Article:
Pulmonary function in sickle cell disease with or without acute chest syndrome

F Santoli, F Zerah, N Vasile, D Bachir, F Galacteros, G Atlan
European Respiratory Journal 1998, 12 (5): 1124-9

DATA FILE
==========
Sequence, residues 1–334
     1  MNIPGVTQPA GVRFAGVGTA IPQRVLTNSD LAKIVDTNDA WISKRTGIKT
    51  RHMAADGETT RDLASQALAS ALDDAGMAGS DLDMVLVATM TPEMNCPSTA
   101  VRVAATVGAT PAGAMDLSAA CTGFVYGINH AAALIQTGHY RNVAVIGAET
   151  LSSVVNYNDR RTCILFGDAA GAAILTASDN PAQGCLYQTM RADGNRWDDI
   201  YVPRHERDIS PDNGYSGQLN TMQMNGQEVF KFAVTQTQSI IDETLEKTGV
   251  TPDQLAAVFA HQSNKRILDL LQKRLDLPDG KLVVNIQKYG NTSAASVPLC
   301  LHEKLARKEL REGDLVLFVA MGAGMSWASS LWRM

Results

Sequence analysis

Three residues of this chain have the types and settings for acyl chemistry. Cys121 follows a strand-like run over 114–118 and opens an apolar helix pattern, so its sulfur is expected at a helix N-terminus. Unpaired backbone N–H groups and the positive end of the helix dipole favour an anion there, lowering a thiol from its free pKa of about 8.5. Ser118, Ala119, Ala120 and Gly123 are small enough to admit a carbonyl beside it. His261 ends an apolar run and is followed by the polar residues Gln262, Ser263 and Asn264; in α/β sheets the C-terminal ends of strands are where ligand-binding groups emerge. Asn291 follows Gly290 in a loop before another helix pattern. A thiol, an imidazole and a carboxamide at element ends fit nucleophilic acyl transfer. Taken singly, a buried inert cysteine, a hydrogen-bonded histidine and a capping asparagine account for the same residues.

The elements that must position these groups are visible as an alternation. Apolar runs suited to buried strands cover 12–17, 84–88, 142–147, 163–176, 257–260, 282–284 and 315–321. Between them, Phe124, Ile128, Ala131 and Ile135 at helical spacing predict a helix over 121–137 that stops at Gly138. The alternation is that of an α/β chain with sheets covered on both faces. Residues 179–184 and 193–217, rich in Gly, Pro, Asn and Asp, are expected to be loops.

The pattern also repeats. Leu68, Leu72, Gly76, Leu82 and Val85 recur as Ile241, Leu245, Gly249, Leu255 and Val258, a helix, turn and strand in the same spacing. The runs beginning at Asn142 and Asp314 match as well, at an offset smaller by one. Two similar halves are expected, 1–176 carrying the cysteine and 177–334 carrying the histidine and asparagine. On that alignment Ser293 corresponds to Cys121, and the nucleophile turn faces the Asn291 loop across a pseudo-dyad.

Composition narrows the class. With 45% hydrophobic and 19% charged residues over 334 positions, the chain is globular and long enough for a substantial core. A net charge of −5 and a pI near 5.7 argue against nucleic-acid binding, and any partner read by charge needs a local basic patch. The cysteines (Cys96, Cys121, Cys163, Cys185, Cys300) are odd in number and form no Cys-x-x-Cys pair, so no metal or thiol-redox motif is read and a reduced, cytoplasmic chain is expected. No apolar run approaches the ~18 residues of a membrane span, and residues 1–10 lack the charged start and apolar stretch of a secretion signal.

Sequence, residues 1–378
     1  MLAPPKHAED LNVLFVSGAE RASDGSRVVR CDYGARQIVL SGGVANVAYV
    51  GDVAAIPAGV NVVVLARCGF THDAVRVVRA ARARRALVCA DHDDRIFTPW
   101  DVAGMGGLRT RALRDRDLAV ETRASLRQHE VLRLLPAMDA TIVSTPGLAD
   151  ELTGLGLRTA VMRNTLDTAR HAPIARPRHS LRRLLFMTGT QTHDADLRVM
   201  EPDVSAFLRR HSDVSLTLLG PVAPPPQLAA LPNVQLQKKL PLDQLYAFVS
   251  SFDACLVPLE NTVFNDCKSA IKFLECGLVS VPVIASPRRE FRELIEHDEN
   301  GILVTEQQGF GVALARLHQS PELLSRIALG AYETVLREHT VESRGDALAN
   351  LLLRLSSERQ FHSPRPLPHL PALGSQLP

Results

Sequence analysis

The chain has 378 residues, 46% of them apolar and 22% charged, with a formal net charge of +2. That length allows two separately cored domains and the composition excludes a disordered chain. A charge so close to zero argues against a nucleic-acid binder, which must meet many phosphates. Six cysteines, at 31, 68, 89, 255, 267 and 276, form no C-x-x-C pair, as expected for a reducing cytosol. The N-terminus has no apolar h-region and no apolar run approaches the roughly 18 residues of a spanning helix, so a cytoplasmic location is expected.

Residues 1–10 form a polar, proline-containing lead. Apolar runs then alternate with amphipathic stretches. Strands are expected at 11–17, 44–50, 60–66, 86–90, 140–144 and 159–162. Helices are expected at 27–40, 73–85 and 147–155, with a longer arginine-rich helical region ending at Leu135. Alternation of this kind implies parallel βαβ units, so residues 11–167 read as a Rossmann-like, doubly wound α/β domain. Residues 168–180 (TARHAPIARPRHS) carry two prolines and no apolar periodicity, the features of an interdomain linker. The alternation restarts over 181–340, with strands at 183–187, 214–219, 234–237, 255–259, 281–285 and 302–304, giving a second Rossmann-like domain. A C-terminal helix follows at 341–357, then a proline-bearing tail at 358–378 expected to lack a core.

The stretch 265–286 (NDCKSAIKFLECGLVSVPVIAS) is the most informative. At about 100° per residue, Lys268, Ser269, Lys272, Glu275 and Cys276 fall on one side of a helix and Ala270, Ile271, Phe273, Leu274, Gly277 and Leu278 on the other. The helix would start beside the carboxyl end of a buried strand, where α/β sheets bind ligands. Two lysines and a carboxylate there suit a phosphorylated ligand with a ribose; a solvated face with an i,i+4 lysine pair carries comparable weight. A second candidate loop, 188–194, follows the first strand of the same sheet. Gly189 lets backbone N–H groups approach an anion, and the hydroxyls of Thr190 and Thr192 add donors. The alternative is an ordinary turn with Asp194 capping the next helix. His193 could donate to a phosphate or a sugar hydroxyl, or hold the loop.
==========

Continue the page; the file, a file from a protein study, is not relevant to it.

Recurrent acute chest syndrome (ACS) has been suggested as a risk factor for chronic lung dysfunction in sickle cell disease. To investigate this hypothesis, lung function tests were performed in 49 sickle cell disease outpatients whose condition was stable, including 23 patients with a history of two to four episodes of ACS (ACS+) and 26 with no history of ACS (ACS-). The two groups were comparable regarding the sex ratio, body mass index, smoking history, physical characteristics, clinical history and usual lung function tests. Respiratory resistance (Rrs), measured using the forced oscillation technique, increased with the number of ACS episodes (r=0.55, p<0.0001) and a significant relationship was observed between Rrs as an independent variable and the expiratory flow rates at 25, 50 and 25-75% of the forced vital capacity as explanatory variables (r= 0.36, p<0.02; r=0.35, p<0.02; and r=0.4, p<0.006, respectively), with higher Rrs being associated with lower expiratory flow rates. The transfer factor (TL,CO) and transfer coefficient (KCO) for CO were significantly higher in the ACS+ group than in the ACS-group (TL,CO=84+/-4 versus 71+/-3%, p<0.004 and KCO=102+/-5 versus 90+/-3%, p<0.05, respectively). The data demonstrate that obstructive lung dysfunction is fairly common in sickle cell disease and suggest that recurrent acute chest syndrome may contribute specific obstructive defects. The increase in respiratory resistance associated with acute chest syndrome was accompanied by an increase in diffusion capacity, suggesting that it may have been related to an increase in lung blood volume.

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